Since his mass “Sadrist Trend” movement emerged as the largest vote-getter in Iraq’s parliamentary elections more than eight months ago, speculation surrounding the powerful Iraqi Shia cleric Muqtada Al-Sadr has been nothing if not spectacular.
Some have claimed that Al-Sadr was poised to become the country’s key political power broker and its kingmaker. Others have said that he would be Iraq’s saviour from unruly Shia militias. Yet others have praised his victory as an opportunity for the US and regional allies to join the anti-Iran camp.
On 12 June, however, Al-Sadr surprised his supporters and detractors alike by directing lawmakers loyal to him in the Iraqi parliament to resign amid a prolonged political impasse over the formation of the country’s next government.
Iraq’s parliament last week swore in new lawmakers to replace the Al-Sadr’s bloc legislators who collectively quit the 329-member assembly. Only 64 new members took the oath while nine others have yet to join.
The replacements have made the resignations of Al-Sadr’s followers irreversible and strengthened the power of rival Iran-backed politicians in the parliament who are believed to have increased their seats to over 120.
There has always been something mercurial about Al-Sadr’s tactics in steering his way through Iraq’s messy politics. He has outmanoeuvred other Shia leaders by placing himself in a position of power and reinventing himself not just as a Shia warlord, but also as a popular leader with a messianic national mission.
None of this is new. But his decision to order the mass resignation of his MPs has set off a new round of guessing at what Al-Sadr’s objectives are and conjectures about how to fit him into Iraq’s chaotic political system.
Al-Sadr has vowed that he will introduce sweeping changes to the way the country has been run since the US-led invasion in 2003. He has proposed forming a “national majority government” that would imply the dissolution of the sectarian and ethnic power-sharing quotas that have framed successive post-invasion governments.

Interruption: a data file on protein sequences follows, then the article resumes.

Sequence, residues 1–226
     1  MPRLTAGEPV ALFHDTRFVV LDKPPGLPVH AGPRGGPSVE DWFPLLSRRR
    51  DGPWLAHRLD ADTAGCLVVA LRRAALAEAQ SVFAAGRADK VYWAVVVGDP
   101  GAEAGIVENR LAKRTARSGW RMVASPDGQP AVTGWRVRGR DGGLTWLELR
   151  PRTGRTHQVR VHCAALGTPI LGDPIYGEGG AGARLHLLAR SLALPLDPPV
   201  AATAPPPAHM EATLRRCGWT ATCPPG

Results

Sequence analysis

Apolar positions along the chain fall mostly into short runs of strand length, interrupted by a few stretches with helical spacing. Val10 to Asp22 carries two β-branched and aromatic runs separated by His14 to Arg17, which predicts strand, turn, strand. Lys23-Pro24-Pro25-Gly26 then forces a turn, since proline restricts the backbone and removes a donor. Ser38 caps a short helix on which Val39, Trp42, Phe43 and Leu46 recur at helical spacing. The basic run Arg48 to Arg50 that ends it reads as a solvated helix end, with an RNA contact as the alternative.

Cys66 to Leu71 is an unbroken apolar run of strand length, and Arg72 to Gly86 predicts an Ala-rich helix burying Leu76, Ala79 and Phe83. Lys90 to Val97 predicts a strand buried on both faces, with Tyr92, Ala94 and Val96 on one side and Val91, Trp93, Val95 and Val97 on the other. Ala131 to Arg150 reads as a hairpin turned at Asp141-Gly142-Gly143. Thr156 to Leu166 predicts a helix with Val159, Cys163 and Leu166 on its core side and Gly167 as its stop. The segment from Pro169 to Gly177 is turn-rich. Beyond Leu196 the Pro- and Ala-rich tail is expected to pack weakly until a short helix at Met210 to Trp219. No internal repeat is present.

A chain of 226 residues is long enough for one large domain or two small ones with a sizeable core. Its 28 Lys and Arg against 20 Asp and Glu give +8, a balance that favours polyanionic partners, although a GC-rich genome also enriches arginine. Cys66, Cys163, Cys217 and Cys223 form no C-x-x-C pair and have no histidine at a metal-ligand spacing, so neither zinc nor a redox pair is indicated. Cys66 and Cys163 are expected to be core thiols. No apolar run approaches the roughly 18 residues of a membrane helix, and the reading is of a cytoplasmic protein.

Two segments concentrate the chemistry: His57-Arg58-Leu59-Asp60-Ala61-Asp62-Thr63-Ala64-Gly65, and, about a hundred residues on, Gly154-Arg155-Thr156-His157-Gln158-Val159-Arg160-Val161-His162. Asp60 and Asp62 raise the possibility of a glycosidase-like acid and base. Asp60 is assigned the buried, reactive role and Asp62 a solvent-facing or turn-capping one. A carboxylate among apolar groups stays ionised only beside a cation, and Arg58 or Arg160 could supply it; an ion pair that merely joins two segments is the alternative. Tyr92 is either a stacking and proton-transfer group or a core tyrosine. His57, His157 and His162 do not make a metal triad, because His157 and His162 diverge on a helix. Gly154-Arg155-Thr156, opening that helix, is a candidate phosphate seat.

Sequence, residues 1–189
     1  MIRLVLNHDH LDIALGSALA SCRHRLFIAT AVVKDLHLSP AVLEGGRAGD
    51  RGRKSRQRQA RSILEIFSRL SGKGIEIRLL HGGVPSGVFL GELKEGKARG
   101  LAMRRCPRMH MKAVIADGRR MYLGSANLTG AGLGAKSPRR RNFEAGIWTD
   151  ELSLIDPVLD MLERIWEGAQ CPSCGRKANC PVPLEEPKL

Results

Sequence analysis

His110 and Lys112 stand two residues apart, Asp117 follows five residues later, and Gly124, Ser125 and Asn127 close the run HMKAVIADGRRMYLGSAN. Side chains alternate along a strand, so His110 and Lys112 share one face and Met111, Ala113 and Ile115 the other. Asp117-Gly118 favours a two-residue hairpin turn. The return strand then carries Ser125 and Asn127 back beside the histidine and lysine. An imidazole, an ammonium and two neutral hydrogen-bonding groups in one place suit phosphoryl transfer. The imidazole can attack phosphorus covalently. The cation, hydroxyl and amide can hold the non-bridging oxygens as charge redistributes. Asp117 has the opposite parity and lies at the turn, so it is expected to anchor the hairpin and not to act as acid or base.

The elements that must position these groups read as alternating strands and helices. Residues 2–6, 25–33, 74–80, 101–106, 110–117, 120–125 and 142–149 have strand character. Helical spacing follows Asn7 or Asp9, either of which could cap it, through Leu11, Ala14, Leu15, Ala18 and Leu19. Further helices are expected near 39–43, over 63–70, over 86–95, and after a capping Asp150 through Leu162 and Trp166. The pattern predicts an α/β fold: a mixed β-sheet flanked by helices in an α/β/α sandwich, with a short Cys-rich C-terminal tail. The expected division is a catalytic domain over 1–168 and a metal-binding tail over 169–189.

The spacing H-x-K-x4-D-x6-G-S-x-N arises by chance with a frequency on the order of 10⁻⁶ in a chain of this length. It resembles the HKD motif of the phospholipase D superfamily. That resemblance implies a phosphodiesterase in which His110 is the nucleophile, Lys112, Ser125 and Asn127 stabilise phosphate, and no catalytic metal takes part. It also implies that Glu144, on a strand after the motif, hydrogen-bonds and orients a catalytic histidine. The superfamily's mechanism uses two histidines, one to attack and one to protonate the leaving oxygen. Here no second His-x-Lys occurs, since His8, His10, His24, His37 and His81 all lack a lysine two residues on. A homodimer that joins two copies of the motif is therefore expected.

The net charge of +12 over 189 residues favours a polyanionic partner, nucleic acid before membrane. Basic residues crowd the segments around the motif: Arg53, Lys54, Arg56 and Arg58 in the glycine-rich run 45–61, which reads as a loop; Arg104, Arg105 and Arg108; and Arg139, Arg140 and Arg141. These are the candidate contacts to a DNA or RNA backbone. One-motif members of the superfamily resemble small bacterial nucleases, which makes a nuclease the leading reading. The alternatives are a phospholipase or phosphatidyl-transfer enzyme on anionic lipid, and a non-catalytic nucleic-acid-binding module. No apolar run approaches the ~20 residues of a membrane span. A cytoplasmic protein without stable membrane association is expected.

He has also promised that a new government led by his faction would follow a non-aligned line in foreign policy, signalling his intention to stifle Iran’s influence in Iraq and enhancing the country’s national sovereignty.
In order to achieve his goals, Al-Sadr broke away from the main Shia parties and allied himself with a major Sunni bloc in parliament led by Parliamentary Speaker Mohamed Al-Halbousi and a Kurdish bloc headed by Kurdistan Democratic Party (KDP) leader Massoud Barzani.
To many observers, had this been followed through it would have brought about a drastic change in Iraq’s politics and sounded the death knell of the entrenched forces in government that have overseen instability, endemic dysfunction, and deeply entrenched corruption in the country.
But the “Save the Homeland” Coalition, as it was known, failed to patch together a majority able to agree on a new president of the republic and on the appointment of Al-Sadr’s cousin Jaafar Al-Sadr as the new prime minister to succeed the incumbent Mustafa Al-Kadhimi.
Al-Sadr’s later order to his 74 parliamentary followers, more than a fifth of the total number of MPs, to resign and his decision to suspend his participation in the political process has driven Iraq into a period of political uncertainty.
Many have asked why Al-Sadr lobbed a political hand grenade into the raging disputes in Iraq, igniting a fresh battle in the two-decade crisis when his election victory had seemingly played to his advantage and speculation was rife that he would now pounce on his opponents.
For many Iraq watchers, Al-Sadr’s decision to call it quits seemed bizarre, with some even seeing it as insane. Indeed, even many of his supporters, who did not believe that he would give up and expected him to fight more dirtily instead, were shocked at the move and began to doubt his grasp on reason.
Being virtually in control of key posts in Iraq’s federal government and in local administration and the security forces and in command of one of the country’s key paramilitary group, the Peace Brigades, Al-Sadr has long been one of the most powerful political figures in the country.
Moreover, he has been basking in the glow of the regional and international media, which has described him as Iraq’s best hope for much-touted government reforms and as a nationalist leader able to confront Iran’s increasing influence in the country.